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    Default serving!

    what are the rules of serving in badminton? one of it i heard is the shuttle have to be lower than your waist to serve...is it true?

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    Quote Originally Posted by malaysianfreak View Post
    what are the rules of serving in badminton? one of it i heard is the shuttle have to be lower than your waist to serve...is it true?
    Yes, it's true that the shuttle must be below your waist. But the rules define your waist to be the lowest part of your ribcage. This is higher than your shorts (unless you are very unfashionable ).

    See my page about faults for more service rules.

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    kays...but isn't low serve over your waist? i see some pros in my court serve it higher...are they wrong?

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    Quote Originally Posted by malaysianfreak View Post
    kays...but isn't low serve over your waist? i see some pros in my court serve it higher...are they wrong?
    If they are serving with the shuttle above their waist (i.e. lowest rib), then they are "wrong" (it's a fault).

    It's quite difficult to judge, however. Depending on where you're standing, it may be hard to tell.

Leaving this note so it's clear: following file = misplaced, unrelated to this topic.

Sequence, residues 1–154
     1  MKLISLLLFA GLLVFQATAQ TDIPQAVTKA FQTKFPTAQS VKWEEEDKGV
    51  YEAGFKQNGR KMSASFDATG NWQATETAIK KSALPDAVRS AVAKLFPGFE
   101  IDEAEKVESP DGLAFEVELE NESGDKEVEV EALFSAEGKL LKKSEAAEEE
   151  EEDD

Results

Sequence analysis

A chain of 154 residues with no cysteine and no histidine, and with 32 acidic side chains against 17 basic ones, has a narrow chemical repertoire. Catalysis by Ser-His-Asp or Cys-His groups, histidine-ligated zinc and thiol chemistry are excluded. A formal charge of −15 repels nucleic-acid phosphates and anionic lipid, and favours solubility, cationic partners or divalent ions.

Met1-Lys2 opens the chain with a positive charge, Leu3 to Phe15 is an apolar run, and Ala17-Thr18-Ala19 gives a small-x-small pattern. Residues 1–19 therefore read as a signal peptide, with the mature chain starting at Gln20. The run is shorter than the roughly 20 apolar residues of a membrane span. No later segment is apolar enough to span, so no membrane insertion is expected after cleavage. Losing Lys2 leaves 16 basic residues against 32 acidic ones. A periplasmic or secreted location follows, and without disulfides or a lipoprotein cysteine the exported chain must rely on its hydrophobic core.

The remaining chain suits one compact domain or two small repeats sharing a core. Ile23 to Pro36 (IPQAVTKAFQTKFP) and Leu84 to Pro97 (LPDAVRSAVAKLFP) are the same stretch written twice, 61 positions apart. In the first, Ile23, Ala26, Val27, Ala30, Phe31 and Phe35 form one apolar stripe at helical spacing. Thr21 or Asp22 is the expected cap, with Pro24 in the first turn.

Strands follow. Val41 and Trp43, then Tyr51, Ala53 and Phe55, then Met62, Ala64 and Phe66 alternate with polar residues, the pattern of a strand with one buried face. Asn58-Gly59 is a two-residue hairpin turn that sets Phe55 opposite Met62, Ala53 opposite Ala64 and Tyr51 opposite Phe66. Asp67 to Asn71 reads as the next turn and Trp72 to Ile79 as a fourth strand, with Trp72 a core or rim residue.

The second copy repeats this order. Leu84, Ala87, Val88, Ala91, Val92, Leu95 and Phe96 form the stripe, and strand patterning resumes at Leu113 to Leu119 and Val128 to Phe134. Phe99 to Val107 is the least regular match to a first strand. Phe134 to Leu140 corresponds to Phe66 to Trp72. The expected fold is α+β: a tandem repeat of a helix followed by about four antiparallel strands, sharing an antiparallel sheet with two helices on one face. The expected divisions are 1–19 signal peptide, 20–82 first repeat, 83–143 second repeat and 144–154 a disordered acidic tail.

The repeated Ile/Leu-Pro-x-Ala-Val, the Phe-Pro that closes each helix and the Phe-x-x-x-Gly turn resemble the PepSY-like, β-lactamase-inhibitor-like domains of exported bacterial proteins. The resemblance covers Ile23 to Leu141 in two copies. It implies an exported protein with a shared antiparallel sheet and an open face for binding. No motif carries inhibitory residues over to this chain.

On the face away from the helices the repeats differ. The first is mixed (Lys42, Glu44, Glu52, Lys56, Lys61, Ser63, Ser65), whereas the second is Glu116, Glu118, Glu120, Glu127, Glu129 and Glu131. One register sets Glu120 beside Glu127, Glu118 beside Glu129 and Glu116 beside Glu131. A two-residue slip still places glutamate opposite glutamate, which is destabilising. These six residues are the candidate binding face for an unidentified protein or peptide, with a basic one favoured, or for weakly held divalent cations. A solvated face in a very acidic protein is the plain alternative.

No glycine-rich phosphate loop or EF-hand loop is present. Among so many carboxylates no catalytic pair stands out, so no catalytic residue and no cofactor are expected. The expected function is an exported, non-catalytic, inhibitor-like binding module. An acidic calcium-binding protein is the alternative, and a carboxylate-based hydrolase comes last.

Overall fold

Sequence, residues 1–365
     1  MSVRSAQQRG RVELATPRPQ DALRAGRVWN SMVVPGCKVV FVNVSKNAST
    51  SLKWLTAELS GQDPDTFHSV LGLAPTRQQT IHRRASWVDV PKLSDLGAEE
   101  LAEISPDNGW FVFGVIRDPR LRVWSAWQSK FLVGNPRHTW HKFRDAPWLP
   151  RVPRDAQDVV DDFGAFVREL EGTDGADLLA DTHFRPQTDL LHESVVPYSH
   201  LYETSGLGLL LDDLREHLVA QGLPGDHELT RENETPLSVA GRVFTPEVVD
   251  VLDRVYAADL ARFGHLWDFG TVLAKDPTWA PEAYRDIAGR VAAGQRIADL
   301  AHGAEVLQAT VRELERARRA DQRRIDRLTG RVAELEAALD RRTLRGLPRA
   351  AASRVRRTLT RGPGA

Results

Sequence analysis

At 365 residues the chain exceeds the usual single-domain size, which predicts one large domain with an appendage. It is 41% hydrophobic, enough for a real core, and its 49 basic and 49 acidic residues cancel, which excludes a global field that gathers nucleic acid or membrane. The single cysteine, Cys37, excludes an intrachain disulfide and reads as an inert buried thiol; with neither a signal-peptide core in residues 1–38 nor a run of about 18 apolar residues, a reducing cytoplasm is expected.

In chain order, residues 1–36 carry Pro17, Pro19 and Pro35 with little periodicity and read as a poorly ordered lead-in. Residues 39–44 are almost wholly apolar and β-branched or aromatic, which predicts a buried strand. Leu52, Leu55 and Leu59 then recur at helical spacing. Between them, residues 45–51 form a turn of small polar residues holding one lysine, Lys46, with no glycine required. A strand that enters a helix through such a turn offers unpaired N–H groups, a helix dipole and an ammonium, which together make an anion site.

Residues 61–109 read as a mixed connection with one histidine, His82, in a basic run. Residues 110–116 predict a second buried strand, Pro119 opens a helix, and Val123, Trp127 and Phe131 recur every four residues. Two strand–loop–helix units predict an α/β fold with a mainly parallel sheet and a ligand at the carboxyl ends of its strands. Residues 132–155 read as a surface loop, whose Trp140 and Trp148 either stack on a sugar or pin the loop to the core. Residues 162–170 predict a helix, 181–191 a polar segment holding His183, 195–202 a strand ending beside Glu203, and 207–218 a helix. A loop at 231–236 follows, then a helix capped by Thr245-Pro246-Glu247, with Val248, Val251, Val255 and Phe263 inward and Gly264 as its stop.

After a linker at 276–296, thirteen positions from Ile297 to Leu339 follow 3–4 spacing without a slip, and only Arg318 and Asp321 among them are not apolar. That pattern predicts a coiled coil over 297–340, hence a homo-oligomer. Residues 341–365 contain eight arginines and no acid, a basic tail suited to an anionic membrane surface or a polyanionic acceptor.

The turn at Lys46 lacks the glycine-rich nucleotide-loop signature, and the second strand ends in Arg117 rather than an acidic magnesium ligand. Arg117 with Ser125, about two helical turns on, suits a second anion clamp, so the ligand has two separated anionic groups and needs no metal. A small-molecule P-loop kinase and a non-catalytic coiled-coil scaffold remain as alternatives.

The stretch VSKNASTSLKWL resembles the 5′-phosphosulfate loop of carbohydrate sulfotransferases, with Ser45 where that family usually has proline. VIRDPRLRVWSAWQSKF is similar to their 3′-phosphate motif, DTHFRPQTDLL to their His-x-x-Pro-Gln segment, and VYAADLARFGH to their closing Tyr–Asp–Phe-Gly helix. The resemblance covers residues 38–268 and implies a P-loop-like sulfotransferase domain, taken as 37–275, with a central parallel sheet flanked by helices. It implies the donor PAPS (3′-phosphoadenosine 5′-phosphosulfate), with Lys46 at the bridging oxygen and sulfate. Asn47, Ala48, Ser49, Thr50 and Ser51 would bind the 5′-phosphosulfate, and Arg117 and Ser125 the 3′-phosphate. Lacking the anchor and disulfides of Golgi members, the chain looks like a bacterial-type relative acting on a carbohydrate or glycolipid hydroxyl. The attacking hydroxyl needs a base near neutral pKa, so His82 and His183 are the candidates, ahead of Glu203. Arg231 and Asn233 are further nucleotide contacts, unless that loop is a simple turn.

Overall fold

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    I am a new member. This is my first post.

    Singles:-
    The serve has to be diagonal. It should be longer than the serve line, not extend the back gallery and not go in the side out.
    Doubles:-
    Diagonal serve, longer than the serve line must not go to the back gallery and can go in the side. Which in in for doubles.

    It is advised to do a short serve in doubles and a long serve in singles.
    The contact point of the racket and the shuttle MUST be below your waist.

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    Quote Originally Posted by Gollum View Post
    Yes, it's true that the shuttle must be below your waist. But the rules define your waist to be the lowest part of your ribcage. This is higher than your shorts (unless you are very unfashionable ).